Abstract Nonsense

Crushing one theorem at a time

Induced Representations


Point of Post: In this post we introduce the notion of induced representations and prove some of the basic properties about them (the fact that they are representations, etc.). We also define some preliminary notions

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Motivation

In the past we’ve encountered the situation where we had a representation \rho:G\to\mathcal{U}\left(\mathscr{V}\right) and we restricted \rho to G so that \rho:H\to\mathcal{U}\left(\mathscr{V}\right) where H\leqslant G, this is usually denoted by \text{Res}^G_H(\rho). In this post we pursue an essentially dual concept where given a representation \rho:H\to\mathcal{U}\left(\mathscr{V}\right) we define a representation on G–in essence the representation on the subgroup ‘induces’ a representation on the full group. This shall prove to be an indispensable tool in all that comes. The most apparent reason is that it is often much easier to produce representations on smaller groups and we can use this to create representations on the larger groups.

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Induced Representations

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Let G be a finite group and H\leqslant G. Let then \rho:H\to\mathcal{U}\left(\mathscr{V}\right) be a representation of H. Consider then the set \mathscr{V}^G with the usual inner product structure with normalization constant |G|^{-1}. Define then \mathscr{X} to be the set \left\{f\in\mathscr{V}^G:f(gh)=\rho_h^{-1}f(g)\text{ for all }g\in G\text{ and }h\in H\right\}. We claim then that \mathscr{X}\leqslant\mathscr{V}^G. Indeed, let f,f'\in\mathscr{X} and z,z'\in\mathbb{C} then for any g\in G and h\in H one has that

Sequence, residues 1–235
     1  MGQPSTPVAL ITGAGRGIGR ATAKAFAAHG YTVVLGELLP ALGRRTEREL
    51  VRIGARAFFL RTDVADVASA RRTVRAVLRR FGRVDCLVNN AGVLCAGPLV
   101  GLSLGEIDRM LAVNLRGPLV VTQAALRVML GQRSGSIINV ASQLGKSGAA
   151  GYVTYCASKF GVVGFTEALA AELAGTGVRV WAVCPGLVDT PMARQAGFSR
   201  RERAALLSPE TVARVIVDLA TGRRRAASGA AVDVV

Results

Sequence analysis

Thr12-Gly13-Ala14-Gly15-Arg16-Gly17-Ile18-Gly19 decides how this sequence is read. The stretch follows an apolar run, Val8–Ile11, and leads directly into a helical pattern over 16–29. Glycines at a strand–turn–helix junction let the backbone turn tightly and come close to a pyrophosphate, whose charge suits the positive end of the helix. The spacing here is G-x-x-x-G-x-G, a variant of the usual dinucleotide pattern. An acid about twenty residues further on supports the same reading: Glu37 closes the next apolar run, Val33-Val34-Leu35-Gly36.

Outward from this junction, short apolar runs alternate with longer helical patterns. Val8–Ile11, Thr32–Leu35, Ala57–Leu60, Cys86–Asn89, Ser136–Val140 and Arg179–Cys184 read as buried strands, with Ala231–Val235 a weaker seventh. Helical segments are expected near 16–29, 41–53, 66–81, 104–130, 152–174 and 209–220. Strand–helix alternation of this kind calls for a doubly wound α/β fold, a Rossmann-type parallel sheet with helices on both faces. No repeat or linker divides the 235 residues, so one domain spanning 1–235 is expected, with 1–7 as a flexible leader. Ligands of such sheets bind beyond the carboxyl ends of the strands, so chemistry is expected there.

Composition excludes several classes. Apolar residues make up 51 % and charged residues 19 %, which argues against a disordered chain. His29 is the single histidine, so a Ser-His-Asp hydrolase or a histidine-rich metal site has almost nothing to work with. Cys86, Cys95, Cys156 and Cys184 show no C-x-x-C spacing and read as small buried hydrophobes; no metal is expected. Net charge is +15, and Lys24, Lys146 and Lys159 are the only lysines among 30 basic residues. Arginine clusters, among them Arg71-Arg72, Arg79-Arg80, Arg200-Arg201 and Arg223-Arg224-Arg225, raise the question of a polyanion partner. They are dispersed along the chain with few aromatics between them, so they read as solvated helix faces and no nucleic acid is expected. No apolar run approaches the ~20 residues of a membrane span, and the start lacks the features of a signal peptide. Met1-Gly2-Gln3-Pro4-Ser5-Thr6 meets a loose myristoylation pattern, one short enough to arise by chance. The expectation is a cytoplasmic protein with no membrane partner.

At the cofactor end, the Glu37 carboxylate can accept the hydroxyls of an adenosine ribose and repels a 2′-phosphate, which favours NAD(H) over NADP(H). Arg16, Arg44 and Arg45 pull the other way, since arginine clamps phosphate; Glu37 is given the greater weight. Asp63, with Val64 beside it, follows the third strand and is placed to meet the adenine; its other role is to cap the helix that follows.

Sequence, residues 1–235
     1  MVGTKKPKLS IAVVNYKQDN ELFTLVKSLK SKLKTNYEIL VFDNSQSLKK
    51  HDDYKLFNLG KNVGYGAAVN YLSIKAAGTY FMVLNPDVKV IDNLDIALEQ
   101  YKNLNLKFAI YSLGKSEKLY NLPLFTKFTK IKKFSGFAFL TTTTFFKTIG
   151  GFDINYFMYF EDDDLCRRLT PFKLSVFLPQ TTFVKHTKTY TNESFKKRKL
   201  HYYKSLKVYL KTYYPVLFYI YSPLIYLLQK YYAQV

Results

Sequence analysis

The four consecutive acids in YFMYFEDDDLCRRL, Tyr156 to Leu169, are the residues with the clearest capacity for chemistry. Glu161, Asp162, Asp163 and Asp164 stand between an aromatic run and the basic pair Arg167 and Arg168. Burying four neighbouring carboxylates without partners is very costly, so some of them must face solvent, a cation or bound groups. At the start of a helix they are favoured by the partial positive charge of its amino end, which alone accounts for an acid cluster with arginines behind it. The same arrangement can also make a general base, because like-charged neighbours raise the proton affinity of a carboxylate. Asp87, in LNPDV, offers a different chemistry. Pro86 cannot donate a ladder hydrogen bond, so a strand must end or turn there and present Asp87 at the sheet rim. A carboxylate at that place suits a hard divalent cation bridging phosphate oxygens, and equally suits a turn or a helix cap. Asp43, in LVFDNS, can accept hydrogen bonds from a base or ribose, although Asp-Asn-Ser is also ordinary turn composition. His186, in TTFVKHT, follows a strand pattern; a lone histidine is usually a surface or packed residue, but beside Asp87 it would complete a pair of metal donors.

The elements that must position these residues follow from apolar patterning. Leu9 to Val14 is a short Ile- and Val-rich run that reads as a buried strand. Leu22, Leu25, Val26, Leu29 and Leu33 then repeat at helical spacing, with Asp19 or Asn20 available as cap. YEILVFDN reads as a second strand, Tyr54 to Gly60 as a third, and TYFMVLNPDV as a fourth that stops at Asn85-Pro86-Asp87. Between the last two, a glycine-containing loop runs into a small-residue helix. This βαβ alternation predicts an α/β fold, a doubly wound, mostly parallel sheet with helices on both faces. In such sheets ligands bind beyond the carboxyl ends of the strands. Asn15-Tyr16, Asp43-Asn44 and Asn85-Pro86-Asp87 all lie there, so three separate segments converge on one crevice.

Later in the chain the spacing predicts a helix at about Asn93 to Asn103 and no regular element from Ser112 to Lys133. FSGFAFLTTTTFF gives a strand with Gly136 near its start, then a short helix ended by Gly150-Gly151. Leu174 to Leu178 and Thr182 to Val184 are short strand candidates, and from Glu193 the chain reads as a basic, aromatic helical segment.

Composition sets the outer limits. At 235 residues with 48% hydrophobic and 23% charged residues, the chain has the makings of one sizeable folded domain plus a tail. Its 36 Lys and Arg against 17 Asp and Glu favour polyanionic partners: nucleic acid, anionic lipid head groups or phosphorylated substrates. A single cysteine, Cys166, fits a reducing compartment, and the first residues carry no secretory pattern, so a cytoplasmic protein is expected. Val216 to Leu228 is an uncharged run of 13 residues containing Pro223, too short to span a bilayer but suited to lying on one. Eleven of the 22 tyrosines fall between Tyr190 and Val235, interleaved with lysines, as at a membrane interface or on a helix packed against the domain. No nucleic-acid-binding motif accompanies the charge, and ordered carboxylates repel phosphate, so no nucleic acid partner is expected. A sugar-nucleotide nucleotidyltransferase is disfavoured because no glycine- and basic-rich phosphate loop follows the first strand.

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\begin{aligned}(zf+z'f')(gh)& =zf(gh)+z'f'(gh)\\ &=z\rho_{h}^{-1}f(g)+z'\rho_h^{-1}f'(g)\\ &=\rho_{h}^{-1}\left(zf(g)+z'f(g)\right)\\ &=\rho_h^{-1}\left(zf+z'f'\right)(g)\end{aligned}

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from where the conclusion follows. We next note that for any g\in G and any f\in\mathscr{X} the function \psi_g(f) given by (\psi_g(f))(h)=f(g^{-1}h) is an element of \mathscr{X}. Indeed, for any k\in G and h\in H one has that

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(\psi_g(f))(kh)=f\left(g^{-1}(kh)\right)=f\left(\left(g^{-1}k\right)h\right)=\rho_{h}^{-1}f(g^{-1}k)=\rho_h^{-1}(\psi_g(f))(k)

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Thus, the map \psi:G\to\text{End}\left(\mathscr{X}\right) defined by \psi(g)=\psi_g is well-defined. What we next claim is that \text{im}(\psi)\subseteq\mathcal{U}\left(\mathscr{X}\right). Indeed, we note that for any g\in G and any f_1,f_2\in\mathscr{X} one has

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\displaystyle \begin{aligned}\left\langle \psi_g(f_1),\psi_g(f_2)\right\rangle &= \frac{1}{|G|}\sum_{h\in G}\left\langle (\psi_g(f_1))(h),(\psi_g(f_2))(h)\right\rangle_\mathscr{V}\\ &= \frac{1}{|G|}\sum_{h\in G}\left\langle f_1\left(g^{-1}h\right),f_2\left(g^{-1}h\right)\right\rangle_\mathscr{V}\\ &= \frac{1}{|G|}\sum_{h\in G}\left\langle f_1(h),f_2(h)\right\rangle_\mathscr{V}\\ &= \left\langle f_1,f_2\right\rangle\end{aligned}